“Changes in Society”
People live in a society that is constantly changing. Whether they like it or not, changes will occur gradually or in such a rapid way that it will be hard to notice them. For many decades, people have been expressing their opinions about changes in society through media and scripture. These opinions have had a great impact on society. They are not only an expression of how society affects people but they also show how people affect society. Overall, media and scripture demonstrate how factors in society provide a medium for change and how according to the nature of these factors change is brought upon a society.
A society is a group of people sharing an equal system of action distinguished by mutual interests, culture, and characteristics in relationships (Aberle 101). Social change is something that characterizes all societies and in some situations, societies can be destroyed by these social changes or can create a new society. As change can be gradual an peaceful, rapid and violent, or it can be unnoticed. One of the greatest changes that can occur is the overlapping of two different societies. When this occurs one society is terminated due to one of four factors: war, extinction, absorption, or apathy (Aberle 103). War arises when members of the same society have major disagreements and conflicts. The consequences lead to extermination of many members of a society, the creation of a new one, and a few group members joining other societies. Extinction happens when a society looses few of its members. It is not necessary for a society to loose all its members in order to be extinct. The loss of only a few members can lead to big changes in the system of action, which makes a society weak and eventually another society can take over. Absorption occurs when there is a loss of self-identity among the members of a society then members easily get absorbed into another society. Finally, apathy takes place when there is a lack of motivation in a society. This can lead to numerous consequences such as: migration, extinction of a society, death, and the shifting of members to other societies.
Changes in a society are visible through various pieces of literature. Authors write about social change because is one of the most realistic things that can be related to every aspect of life whether it is religion, politics, physiology, emotions, and workplace among others. Different authors have several ways of writing about social change. Some authors who write about social change make their works public through television, movies, and radio. The most influencing parts of the media in society are movies and television. This happens because people can actually see the change and find themselves portrayed visually. Television actually provides an image of where people fit in a society and contributes to the reallocation of previously taken for granted reciprocal roles. It also allows viewers to see how others have imagined them and later develop different roles for themselves in the real world (Meyrowitz). A particular author who wrote about social change was Franz Kafka through his book “The Metamorphosis”. “The Metamorphosis” relates the story about Gregor Samsa, a man who financially supported his family. Gregor did not like his job, found his life meaningless, and lived his life only to pay the debt his father owed. One day Gregor woke up transformed into a cockroach. To everyone’s surprise Gregor’s first reaction was to worry about how he would get to work and perform his everyday duties. On the other hand, his family was repulsed by him and alienated him in his room. The only person who took care of Gregor was his sister Grete, whom at the end of the story ends up denying her relation to Gregor.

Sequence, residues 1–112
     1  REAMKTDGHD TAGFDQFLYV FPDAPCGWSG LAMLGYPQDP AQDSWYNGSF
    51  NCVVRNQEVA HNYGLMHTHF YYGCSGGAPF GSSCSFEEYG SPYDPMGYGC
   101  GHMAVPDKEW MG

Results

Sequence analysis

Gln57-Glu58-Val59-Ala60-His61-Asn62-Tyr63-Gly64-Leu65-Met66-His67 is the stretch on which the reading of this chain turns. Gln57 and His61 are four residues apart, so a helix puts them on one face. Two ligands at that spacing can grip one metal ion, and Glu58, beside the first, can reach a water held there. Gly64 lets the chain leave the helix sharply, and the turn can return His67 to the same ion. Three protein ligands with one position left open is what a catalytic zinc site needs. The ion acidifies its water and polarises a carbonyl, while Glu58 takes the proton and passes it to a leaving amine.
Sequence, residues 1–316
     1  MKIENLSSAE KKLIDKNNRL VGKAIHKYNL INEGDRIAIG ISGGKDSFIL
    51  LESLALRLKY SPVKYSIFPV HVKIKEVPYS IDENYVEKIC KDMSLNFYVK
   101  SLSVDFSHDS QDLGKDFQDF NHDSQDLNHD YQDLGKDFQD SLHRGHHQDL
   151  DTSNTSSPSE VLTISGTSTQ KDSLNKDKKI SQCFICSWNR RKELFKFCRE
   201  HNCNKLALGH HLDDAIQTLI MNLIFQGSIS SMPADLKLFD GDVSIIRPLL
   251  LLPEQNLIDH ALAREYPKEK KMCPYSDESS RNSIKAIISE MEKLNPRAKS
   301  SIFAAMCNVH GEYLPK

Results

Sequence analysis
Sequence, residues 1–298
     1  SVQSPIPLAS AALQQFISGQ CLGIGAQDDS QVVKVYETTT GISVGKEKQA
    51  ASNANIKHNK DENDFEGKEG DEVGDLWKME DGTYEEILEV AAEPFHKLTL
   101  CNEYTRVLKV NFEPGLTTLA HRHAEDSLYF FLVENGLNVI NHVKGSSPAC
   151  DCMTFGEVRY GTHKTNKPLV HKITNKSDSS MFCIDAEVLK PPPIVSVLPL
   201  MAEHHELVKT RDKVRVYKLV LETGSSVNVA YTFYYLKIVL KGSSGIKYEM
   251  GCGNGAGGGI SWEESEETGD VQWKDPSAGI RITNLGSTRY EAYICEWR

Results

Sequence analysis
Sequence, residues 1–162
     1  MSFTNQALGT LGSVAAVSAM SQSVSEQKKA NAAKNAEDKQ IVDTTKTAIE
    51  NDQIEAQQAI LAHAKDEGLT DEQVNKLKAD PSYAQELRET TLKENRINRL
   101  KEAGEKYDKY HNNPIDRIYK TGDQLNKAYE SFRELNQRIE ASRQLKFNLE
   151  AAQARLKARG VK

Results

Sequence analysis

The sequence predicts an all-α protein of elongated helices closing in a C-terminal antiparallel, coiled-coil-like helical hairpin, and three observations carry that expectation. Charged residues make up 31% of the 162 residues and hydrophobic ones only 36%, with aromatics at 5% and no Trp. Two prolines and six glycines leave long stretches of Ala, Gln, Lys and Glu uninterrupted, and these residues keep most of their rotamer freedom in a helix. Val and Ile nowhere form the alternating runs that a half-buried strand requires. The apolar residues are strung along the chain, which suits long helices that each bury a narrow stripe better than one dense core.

Kafka’s story is a clear example of social change. The title itself, “Metamorphosis” is a synonym for change and alteration. The major change in the story is definitely Gregor’s transformation from a human...
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Meyrowitz, Joshua. “We Liked to Watch: Television as Progenitor of the Surveillance Society.” The Annals of the American Academy of Political and Social Science 625.32 (2009): n. pag. Web. 31 March 2010.
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